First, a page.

For a final thought consider that supposed relationship of beauty, power and wealth. Which way round do we correlate things? Does beauty lead to power and wealth? If that is the truth then how do you explain a majority of the worlds powerbrokers and commercial leaders, the Donald Trump’s, Bill Gates’ and Silvio Berlusconi’s of this world? If power and wealth attracts the beautiful, then again we have issues about why beauty isn’t more dominant in the boardrooms and halls of governance. The ‘normative’ beautiful in the Anglo-saxon world seem to be associated with those areas of media that are considered fashionable: film, music, fashion, art, etc. Once again, however, there is a need to see that all of these things are merely predicated on a ‘normative’ sense of beauty and the real question perhaps should be what drives this ‘normative’ (or questionably ‘objective’) idea of beauty. I’d argue that you will find very different ‘normative’ conceptions of beauty in the various ‘cultures’ on this planet. I’d also mention before closing, that the appeal of the beauty, power, wealth nexus is a strong one, however what about that return to the natural, with all of that Romantic ideology freighted into our poetic resonances with landscape? Isn’t it the case that when it comes to ‘nature’ our understanding of the ‘beautiful’ becomes far less dependent upon the commercially desirable wealth and power principles espoused above? How do we adequately place anything other than an aesthetic and experiential ‘value’ on observing a thick coastal fog as ‘beautiful’, for example?

Power-To Disap-Point

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Article Prompted by:- The Political Party That Wants to Ban PowerPoint (Julie Bindel, The Observer, Sunday 28th August, 2011)

I occasionally worry if Orson Welles (as Harry Lime) wasn’t really on to something after all with his wonderful justification of amorality from atop the Ferris wheel of Vienna’s Prater amusement park. Switzerland occasionally bursts into the public consciousness with global projects like the LHC, but more often than not it drifts about in a willfully decadent obscurity of its own making, seemingly disconnected from the global events that besiege other wealthy nations. This belies the fact that Switzerland tends to do a fairly good job of tackling social crises’, such as their growing urban heroin problem in the 1980’s and 1990’s. Far from being an unresponsive and sluggish politics, the Swiss approach to national governance, with its tendency toward direct representation and reasoned consensus, actually seems to do an admirable job of empowering its citizens, given them most of what they want, whilst managing to ensure economic stability. In many ways it is a shame that Switzerland doesn’t take a more vocal role upon the international stage, where for many, it is nothing more than the low-tax playground for the privileged and the pompous (Phil Collins, anyone?).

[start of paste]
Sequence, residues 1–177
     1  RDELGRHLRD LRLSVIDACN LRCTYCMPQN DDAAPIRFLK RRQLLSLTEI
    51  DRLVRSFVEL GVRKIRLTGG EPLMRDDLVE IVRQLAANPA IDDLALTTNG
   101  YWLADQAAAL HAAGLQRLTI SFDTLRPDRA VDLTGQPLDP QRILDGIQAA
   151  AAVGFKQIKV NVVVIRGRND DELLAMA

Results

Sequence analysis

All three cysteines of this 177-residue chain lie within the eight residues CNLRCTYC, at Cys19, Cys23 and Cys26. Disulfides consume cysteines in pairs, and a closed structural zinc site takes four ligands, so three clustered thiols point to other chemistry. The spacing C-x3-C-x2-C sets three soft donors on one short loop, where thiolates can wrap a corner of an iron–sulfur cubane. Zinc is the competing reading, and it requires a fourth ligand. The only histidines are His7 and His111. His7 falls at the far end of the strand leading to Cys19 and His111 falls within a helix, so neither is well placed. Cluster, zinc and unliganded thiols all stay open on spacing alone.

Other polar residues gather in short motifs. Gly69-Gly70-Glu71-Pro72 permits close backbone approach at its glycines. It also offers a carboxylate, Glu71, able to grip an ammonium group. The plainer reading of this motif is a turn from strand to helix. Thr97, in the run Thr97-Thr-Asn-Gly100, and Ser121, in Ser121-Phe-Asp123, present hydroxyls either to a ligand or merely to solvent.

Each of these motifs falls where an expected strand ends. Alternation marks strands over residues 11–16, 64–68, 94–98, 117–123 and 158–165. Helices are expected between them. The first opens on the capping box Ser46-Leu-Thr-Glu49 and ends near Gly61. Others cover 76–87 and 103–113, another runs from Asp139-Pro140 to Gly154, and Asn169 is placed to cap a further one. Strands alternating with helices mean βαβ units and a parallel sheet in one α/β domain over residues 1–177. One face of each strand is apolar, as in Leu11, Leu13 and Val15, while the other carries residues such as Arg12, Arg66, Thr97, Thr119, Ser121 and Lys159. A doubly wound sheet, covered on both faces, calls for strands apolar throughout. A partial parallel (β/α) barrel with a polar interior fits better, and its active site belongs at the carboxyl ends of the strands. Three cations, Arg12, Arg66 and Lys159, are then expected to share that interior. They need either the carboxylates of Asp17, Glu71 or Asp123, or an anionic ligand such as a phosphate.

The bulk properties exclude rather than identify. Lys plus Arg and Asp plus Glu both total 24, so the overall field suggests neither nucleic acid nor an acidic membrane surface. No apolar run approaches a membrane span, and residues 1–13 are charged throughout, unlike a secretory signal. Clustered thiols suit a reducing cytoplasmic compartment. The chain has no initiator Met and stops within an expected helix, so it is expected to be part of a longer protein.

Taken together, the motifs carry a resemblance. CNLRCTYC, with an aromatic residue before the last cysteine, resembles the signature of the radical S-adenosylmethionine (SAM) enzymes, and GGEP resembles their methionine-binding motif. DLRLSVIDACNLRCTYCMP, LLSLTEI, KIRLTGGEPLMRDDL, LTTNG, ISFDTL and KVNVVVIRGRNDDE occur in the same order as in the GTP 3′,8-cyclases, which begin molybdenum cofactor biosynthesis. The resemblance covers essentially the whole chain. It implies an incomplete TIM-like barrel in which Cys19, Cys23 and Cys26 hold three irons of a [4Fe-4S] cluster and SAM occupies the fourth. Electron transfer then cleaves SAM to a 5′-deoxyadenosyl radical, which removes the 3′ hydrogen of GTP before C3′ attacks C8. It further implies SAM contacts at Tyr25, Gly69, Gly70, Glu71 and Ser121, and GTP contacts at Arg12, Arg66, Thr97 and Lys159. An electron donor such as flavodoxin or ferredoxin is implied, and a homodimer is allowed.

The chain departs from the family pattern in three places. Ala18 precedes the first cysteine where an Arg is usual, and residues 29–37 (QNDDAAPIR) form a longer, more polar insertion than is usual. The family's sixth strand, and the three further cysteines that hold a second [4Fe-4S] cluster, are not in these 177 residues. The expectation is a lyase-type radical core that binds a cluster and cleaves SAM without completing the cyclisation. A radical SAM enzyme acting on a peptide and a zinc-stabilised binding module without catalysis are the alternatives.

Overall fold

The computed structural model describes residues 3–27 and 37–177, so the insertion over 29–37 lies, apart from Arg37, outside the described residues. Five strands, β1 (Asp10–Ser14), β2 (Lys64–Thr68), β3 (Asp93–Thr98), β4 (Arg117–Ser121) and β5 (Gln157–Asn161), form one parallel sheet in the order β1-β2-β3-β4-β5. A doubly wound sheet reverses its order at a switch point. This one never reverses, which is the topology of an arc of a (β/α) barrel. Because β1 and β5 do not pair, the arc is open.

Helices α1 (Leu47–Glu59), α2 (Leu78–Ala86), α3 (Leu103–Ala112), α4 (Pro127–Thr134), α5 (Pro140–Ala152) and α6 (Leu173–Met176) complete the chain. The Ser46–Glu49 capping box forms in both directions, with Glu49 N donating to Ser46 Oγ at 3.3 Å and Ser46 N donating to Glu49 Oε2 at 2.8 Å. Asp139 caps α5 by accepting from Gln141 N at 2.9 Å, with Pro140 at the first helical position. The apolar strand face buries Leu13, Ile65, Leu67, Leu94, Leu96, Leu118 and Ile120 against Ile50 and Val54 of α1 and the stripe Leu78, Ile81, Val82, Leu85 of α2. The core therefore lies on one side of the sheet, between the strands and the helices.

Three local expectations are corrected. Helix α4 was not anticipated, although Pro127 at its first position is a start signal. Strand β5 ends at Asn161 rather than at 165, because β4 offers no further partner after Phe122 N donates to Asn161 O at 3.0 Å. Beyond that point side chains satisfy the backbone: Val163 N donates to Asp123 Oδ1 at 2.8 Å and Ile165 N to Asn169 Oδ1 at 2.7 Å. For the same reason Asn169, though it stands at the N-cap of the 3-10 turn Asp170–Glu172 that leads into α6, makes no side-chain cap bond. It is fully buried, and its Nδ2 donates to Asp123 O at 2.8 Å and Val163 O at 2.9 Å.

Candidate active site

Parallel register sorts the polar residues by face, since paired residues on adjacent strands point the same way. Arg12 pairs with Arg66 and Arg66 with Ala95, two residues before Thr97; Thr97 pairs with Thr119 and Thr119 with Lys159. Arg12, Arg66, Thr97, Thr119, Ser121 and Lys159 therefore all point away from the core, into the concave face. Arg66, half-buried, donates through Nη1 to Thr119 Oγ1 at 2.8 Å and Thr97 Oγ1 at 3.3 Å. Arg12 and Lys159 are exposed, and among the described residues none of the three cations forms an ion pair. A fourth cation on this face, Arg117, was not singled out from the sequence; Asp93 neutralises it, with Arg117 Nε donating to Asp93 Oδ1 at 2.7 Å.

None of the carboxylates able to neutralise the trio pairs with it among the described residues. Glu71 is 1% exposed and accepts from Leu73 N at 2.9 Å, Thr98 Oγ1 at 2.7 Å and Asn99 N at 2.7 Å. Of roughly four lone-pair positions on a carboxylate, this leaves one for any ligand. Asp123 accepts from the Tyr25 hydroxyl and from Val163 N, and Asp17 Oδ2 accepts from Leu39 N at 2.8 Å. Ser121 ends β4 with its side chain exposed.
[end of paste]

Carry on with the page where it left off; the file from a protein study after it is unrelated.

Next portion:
How irritating then that the one story involving the Swiss political landscape that does get a bit of serious media mileage, is the almost too laughable tale of Matthias Poehm, a former-software engineer turned experienced public-speaking trainer. Mr. Poehm has seen fit to try to establish a serious political party around one of the most pressing issue of the day – the overuse of Microsoft’s PowerPoint presentation software at conferences, seminars and public-speaking events. For Poehm, who is at pains to highlight on his website the fact he is “organizing the most expensive public speaking seminar in Europe” (penis envy, anyone?), the scourge of modern society is Microsoft’s all too-handy presentation utility, which reduces even the most enthralling talk to, as Bindel puts it, an exercise in boring an audience to tears “with fiddly slides consisting of flying texts, fussy fonts or photo montages”.